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Calm Eating

Published in December 2001, 'Calm Eating' draws together Dr Rick Kausman's own writings, inspirational quotes from some of his clients who are personally dealing with issues of weight management, and quotes from other writers who share Dr Kausman's philosophy of discarding the diet mentality and learning to look at food and yourself in a positive and nurturing light.

You can dip into 'Calm Eating' at random, or read through it page by page – in either case, the warm, witty and wise advice inside this book will motivate and inspire you to really enjoy one of life's great pleasures – the food we eat.


Book Review of 'Calm Eating',
By Sally Hunwick

'Calm Eating' by Dr Rick Kausman looks like a coffee table book; it's small, easy to read, and there are pictures of little butterflies throughout. And perhaps that is exactly what Dr Kausman wants you to think, such an easy read that you might be prepared to pick it up and start flicking through. Nor does it matter where you start, because each page tells its own story.

'Calm eating', those two words seem so obvious. Why would it be anything else? As children, we eat perhaps not particularly calmly, but certainly without fear and anxiety. When I was a child, the most stressful thing about eating, was the fear that mum might have packed me sandwiches made with (very uncool) multigrain bread, or given me squashy bananas instead of quartered apple. I remember rushing home from school as a young teenager, to find out what afternoon tea mum had prepared for us. Food was not frightening; it was what it was supposed to be - enjoyment, energy and a part of life.
“It makes sense to accept food as a necessity and as a pleasure. It banishes deprivation, and brings back the ability to experience the physical and emotionally enjoyable offerings of food. It is not wrong to enjoy food.” (Samantha)

So why is it that food, for many of us, is not calm? And I should say right here that, this book is not written expressly for people with eating disorders. There is a lesson there, I'm sure, for everyone. This book is about eating, but mainly Dr Kausman is trying to get across the importance of acceptance within our lives. Acceptance of our appearance, acceptance of what we eat, acceptance of how we feel, and importantly acceptance of how food makes us feel.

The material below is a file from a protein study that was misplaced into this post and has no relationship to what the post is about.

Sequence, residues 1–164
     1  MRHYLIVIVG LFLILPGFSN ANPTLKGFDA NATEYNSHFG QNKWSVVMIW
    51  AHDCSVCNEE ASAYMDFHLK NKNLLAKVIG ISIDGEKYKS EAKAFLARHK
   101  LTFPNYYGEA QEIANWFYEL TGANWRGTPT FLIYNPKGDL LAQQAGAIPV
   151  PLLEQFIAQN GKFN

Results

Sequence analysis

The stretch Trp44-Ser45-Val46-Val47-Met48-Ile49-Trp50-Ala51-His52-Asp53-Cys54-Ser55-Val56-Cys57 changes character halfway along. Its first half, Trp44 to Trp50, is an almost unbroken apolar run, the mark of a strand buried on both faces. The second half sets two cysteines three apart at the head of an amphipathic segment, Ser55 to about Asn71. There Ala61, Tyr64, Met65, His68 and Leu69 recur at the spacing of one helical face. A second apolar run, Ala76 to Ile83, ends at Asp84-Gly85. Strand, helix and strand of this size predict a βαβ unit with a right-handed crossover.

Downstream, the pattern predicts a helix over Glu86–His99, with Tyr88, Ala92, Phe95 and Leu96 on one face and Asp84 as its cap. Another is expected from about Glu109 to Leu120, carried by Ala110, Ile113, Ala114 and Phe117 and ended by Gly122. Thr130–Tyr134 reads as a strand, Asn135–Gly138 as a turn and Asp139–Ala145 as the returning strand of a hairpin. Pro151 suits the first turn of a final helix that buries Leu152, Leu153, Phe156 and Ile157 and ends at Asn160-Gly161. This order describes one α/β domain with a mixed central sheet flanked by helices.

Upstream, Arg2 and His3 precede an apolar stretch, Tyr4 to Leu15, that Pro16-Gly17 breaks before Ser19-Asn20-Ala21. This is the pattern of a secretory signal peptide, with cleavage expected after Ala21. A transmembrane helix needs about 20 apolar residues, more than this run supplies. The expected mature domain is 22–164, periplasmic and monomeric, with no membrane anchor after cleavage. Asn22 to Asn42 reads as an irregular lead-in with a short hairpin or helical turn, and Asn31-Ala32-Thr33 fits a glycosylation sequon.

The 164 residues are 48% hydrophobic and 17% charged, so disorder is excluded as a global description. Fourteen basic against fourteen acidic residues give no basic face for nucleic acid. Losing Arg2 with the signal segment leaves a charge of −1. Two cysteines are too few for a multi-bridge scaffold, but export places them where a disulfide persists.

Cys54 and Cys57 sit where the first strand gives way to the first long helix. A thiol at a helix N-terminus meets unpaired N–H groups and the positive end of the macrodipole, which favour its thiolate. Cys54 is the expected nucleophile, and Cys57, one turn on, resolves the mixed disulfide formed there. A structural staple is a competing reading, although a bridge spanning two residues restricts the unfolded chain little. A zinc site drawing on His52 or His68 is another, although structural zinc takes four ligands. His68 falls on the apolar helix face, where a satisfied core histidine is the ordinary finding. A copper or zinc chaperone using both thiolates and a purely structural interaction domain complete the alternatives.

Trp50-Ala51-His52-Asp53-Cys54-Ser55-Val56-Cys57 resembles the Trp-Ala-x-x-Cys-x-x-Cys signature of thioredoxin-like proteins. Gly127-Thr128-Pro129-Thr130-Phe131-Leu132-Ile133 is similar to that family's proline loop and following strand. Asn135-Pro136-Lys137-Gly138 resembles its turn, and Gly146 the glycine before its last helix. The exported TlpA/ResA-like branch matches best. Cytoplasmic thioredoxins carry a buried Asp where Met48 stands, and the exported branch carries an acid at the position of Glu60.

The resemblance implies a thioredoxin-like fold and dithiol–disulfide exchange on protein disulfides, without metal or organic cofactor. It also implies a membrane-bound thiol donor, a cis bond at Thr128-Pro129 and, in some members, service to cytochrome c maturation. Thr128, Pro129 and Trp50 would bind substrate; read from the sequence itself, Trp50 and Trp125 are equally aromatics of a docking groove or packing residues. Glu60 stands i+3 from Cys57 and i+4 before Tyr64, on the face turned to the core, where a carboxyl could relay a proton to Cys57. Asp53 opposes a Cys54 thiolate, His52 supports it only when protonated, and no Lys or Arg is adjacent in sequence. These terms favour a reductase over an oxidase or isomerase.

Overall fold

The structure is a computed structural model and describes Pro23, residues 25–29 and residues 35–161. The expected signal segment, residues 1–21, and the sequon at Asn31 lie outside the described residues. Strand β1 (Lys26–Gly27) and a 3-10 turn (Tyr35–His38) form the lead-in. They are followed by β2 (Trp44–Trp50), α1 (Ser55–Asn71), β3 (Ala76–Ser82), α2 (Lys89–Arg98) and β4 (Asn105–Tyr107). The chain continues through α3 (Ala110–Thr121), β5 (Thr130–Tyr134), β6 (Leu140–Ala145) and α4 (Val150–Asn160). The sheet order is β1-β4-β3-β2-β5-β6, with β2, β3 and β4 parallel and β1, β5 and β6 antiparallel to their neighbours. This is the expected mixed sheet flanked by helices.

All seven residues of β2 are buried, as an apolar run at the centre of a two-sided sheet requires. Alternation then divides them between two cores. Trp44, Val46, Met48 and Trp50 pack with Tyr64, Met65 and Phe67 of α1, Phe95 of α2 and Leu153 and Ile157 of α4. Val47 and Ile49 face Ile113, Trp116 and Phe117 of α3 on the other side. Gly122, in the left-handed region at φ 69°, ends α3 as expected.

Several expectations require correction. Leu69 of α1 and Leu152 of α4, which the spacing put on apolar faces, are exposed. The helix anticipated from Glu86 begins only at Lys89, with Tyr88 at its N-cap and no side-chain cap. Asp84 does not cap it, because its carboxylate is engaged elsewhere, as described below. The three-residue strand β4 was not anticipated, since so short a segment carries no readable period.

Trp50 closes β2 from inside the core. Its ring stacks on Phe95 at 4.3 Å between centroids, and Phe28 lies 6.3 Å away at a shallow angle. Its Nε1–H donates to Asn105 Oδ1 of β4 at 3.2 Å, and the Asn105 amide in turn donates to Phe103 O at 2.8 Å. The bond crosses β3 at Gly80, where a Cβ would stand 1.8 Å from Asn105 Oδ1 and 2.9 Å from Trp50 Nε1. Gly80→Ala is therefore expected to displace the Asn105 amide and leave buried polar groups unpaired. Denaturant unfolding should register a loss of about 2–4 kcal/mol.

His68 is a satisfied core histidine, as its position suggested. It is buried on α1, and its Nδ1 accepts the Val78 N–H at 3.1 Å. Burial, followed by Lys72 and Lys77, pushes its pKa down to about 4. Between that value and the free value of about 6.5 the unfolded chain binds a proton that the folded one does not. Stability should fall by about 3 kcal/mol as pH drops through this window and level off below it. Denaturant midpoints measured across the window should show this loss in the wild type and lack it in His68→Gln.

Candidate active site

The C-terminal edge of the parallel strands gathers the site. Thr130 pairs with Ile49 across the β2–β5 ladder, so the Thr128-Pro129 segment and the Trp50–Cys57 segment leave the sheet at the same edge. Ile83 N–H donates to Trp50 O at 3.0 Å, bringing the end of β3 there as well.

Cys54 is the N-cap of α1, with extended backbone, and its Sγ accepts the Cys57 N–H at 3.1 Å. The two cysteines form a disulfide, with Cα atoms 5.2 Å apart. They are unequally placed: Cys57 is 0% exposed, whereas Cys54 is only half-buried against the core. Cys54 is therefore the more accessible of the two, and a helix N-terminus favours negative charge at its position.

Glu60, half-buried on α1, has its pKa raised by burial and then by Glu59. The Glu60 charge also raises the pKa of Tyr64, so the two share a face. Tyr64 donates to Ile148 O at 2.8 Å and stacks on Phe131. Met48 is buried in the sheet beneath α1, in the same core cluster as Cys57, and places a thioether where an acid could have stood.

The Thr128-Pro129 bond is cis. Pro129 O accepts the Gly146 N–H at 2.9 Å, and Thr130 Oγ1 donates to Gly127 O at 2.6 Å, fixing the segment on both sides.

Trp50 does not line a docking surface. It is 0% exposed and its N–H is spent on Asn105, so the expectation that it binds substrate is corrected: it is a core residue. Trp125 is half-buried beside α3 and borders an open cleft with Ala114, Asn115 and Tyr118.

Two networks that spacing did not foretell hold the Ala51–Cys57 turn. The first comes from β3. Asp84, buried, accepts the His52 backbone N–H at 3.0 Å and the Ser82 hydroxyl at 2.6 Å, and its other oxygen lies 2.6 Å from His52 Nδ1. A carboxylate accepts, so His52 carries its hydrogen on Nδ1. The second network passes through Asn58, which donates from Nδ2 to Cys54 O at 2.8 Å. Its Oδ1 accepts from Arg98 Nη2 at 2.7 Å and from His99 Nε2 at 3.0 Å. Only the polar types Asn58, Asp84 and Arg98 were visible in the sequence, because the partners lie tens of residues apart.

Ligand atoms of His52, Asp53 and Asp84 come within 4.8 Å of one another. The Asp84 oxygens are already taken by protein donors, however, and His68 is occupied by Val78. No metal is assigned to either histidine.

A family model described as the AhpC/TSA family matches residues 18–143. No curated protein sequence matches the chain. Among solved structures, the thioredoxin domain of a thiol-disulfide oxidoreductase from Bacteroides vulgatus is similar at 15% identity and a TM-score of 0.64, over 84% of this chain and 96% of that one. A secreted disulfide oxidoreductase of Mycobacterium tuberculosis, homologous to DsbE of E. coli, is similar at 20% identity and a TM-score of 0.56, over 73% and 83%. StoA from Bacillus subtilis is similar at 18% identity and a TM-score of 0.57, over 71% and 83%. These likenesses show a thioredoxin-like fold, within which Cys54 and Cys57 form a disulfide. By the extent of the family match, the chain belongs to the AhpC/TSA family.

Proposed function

“Acceptance does not imply self-delusion. It involves coming to terms with what is.”

And if you can do that, the rest will follow. 'Calm Eating' is an innocent looking book with very serious messages. There are quotes throughout, from people who have lived through years of anxiety and fear over their body image, which manifests itself in destructive ways of eating. One woman named Mardie is quoted as saying  “ It was like coming out of a dark prison and seeing the sky for the first time in twenty years. Why did I do that  to myself, ruin my enjoyment by rushing and gorging?”

Food is so simple; it is our fuel for life, yet somehow many of us have become slave to it. 'Calm Eating' works at breaking down those walls, with simple instructions such as  “It is normal or natural to overeat occasionally. It is normal or natural to undereat occasionally.” Or  “I can have it if I want it, but do I really feel like it? I can have it if I want it, but will I really enjoy it?”

Quotes that act as mantras which might need to be repeated a thousand times inside our heads, before the day arrives when we believe them. When we are “no longer a prisoner to food.” (Alan)

'Calm Eating' is a book of thoughts, rather than the typical self-help manual. It doesn't give instruction so much as offer hope for people who have become lost in the labyrinth of fat, calories, weight, food, eating and not eating. Perhaps it is even comforting to realise that many people suffer with feelings of anxiety, fear and guilt when it comes to food, eating and the shape of their bodies.

The message Dr Kausman seems to be portraying throughout the book is that we can blame these fears on many things: society's predisposition with thinness, the fast food industry or the technologies that make life too easy. But in the end we have to look to ourselves and accept ourselves for what and who we are.
“I'm good enough just as I am.”  Now repeat until you believe.


Book Review of 'Calm Eating'
Making Peace with Food,
Reviewed by Lenora Risse